Railroad Deal Could Hit Snags; Recession? What Recession?
Author: Greg Valliere
November 30, 2022
THE ISSUE BOILS DOWN to whether to grant workers paid sick leave; the present deal doesn’t, and some of the railroad unions are prepared to strike if they don’t get that benefit. They have several allies in the Senate — including Bernie Sanders, the
Vermont socialist, and Marco Rubio, the Florida conservative.
ARCANE SENATE RULES ALLOW ONE SENATOR to freeze passage of legislation, and Sanders appears eager to block a compromise for several days if it doesn’t include paid sick leave. Eventually a bill will pass, but the railroad industry may have to prepare for a brief strike starting late next week.
THIS FIGHT HAS THREE IMPLICATIONS:
1. Biden had an amicable meeting with Kevin McCarthy, Mitch McConnell, Chuck Schumer, and lame duck Nancy Pelosi. The first three will be crucial players next year, and if they can agree on a railroad deal, perhaps they can agree on other issues; a border deal, with immigration reform, will be a top priority in 2023.
2. If a railroad deal takes several days to complete, it will gobble up time that’s needed to pass a budget before the Dec. 16 deadline. Still another stopgap continuing resolution will be necessary then, probably lasting until Christmas Eve. The prospect of a delay until early 2023 is very real, which is a major wild card for defense spending and aid to Ukraine.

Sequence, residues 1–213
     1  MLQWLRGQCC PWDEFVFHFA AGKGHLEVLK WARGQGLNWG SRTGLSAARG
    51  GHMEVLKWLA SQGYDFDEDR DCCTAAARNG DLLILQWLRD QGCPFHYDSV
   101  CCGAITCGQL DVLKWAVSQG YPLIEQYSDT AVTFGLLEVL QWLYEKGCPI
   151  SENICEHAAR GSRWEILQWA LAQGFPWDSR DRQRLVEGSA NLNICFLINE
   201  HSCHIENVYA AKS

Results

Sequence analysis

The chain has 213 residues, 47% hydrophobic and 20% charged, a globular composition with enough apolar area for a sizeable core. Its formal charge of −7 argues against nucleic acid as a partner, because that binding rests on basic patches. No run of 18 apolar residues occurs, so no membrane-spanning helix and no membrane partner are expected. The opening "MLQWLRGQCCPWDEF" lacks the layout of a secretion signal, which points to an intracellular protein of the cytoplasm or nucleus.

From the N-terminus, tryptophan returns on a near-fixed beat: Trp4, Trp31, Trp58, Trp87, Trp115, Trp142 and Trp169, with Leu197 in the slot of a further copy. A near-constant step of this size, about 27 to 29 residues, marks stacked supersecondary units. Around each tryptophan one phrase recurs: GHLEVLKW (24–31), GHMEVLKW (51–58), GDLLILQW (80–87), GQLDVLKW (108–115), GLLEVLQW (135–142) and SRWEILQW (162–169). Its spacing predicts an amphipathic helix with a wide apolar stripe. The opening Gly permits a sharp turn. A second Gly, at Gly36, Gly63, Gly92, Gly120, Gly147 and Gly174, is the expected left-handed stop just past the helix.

3. Biden is willing to spend political capital, as we wrote yesterday. He’s willing
to take on organized labor, which has supported him unequivocally. So Biden is
willing to take on the Democrats’ progressives — a year too late, in our opinion.
* * * * *
RECESSION? WHAT RECESSION? The shopping frenzy on Black Friday made us wonder where the recession is? Economic data — aside from housing — looks surprisingly strong, perhaps because the tidal wave of Washington pandemic aid to states and individuals has not been fully spent.
MORE STIMULUS: Now there’s falling gasoline prices, a huge new Social Security cost of living (COLA) hike, still another student loan extension, and generous labor
deals because of an acute worker shortage in the U.S.
IS IT ANY WONDER IF FED CHAIRMAN Jerome Powell may be frustrated? The monetary medicine has not slowed the economy — or inflation — as quickly as he expected. So Powell will have to proclaim in his speech today that more rate hikes are certain. Just because he’ll move from 75 basis point moves to 50 basis point moves is hardly a sign that the Fed is becoming more accommodative.
SO THE FED MAY HAVE TO STAY HAWKISH FOR LONGER, until there are clear signs that the economy is slowing. The Washington Post has an interesting piece this morning asking — where’s the recession? It doesn’t appear to be imminent — just as an end to the rate hikes also doesn’t appear to be imminent.
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